It is no coincidence that Australia’s two biggest tourism destinations for overseas visitors – Sydney and Melbourne – were our strongest property markets during the period 2013 to 2015. Other popular lifestyle markets which have also picked up include Gold Coast, Cairns, NSW Central Coast, Dubbo, Hobart and Byron Bay.
On an all-things-being-equal basis, locations with strong performing tourism economies have potential to be above-average property market performers because tourism is such a labour intensive industry (17 per cent of Australia’s workforce are in the retail and accommodation sectors). But, investors would be wise to be more open minded than limiting their focus to Australia’s 3 biggest cities. Private and public investment is underway all over the country in new resorts, hotels, and attractions. Recent airport and cruise ship expansions have also improved access to some locations. Locations which Propertyology expect to benefit from a long, prosperous tourism era include Cairns, Townsville, Hervey Bay, Gold and Sunshine Coast, Toowoomba, Scenic Rim, Darwin, Katherine, Hobart, Devonport, Burnie, Launceston, Busselton, Geraldton, Dubbo, Tamworth, Byron Bay, and Ballarat.
In addition to tourism, other Australian industry sectors which have experienced good growth over the last 3 or 4 years include the international student market, segments within our agriculture industry, and advanced manufacturing.
The federal government has devoted an entire White Paper to investigating opportunities for Australia in the Asian Century. Due to a combination of its close proximity to Asian countries and an abundance of rich agricultural land, above-average rainfall, natural resources, and unique tourism experiences, enormous potential exists across northern Australia. To tap in to this enormous opportunity, the federal government is dangling a $5 billion carrot to encourage private sector investment in infrastructure such as dams, airports, ports, and rail freight corridors. Headquarters for the Northern Australia Infrastructure Fund officially opened in Cairns in July 2016. From the west coast to the east, every location above the Tropic of Capricorn is in play and it’s only a matter of time before we hear announcements about economic development and major job creating projects.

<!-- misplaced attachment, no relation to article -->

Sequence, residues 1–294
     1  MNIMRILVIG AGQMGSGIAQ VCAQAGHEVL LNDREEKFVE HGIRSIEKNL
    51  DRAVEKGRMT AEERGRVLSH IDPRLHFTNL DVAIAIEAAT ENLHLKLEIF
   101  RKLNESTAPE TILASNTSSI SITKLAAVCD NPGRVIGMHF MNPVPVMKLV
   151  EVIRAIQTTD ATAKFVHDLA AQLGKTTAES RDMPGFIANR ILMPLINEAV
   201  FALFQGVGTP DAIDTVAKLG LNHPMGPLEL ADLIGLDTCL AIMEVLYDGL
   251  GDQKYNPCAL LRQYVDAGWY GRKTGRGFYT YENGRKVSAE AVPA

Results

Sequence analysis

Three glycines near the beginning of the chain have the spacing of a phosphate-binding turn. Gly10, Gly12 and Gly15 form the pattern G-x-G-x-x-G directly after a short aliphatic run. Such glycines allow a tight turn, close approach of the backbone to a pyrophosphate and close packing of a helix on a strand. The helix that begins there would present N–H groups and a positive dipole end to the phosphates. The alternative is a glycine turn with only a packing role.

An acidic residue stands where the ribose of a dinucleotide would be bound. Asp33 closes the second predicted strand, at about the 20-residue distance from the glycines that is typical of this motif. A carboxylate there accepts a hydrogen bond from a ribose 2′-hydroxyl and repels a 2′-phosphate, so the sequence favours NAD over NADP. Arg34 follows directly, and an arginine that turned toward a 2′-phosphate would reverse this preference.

Arguably the most significant legacy left by former Prime Minister, Tony Abbott, was the signing of three separate Free Trade Agreements (FTAs) during a 12 month period ending December 2015. With a combined population of 1.5 billion people, Japan, South Korea and China can now import a wide range of Australian products which attract substantially reduced tariffs (taxes). Products with the highest potential for increased demand include proteins (the likes of beef, lamb, salmon, milk, cheese) and premium quality alcoholic beverages. While the ink is still drying on these FTAs, industry stakeholders such as farmers, food manufacturers, and freight logistic companies have already begun exploring how they can tap in to these lucrative markets. From a property investment perspective, key regions which are on Propertyology’s radar include Queensland’s Darling Downs, Capricornia, Far North, and Flinders region, Western Australia’s Margaret River and Bunbury, New South Wales regions of Orana, Riverina and Northern Inland, Victoria’s Great South Coast and Goulburn Valley, Tasmania, the Barossa in South Australia, and Northern Territory’s Katherine.
Australia is set to increasingly be popular to Asia’s rising middle class for our tertiary education services. Melbourne already leads the way as an international student export market. Brisbane City Council has recently attracted extra investment in new accommodation facilities for international students. In August, University of Adelaide announced a $100 million project while Perth’s Murdoch precinct also has scope. Strong regional locations such as Orange, Dubbo, Wollongong, Townsville, Cairns, Hervey Bay and Launceston have potential to become a future breeding ground for Asian professionals. Hobart is already affectionately known as a ‘university city’.
And, those who have written mining off might want to think again. Currently, approximately 700 million out of China’s 1.38 billion population currently live in cities. Australian mining giant, Fortescue Metals, recently reported that they predict an additional 300 million Chinese people will complete their transition in to city living by 2030. To put this in to context, since the arrival of the First Fleet in Australia 228 years ago, our eight capital cities have grown to now accommodate 15.5 million people. China alone are predicted to build 12 modern countries the size of Australia in just 14 years.
The Asian Century is a mere 16 years young!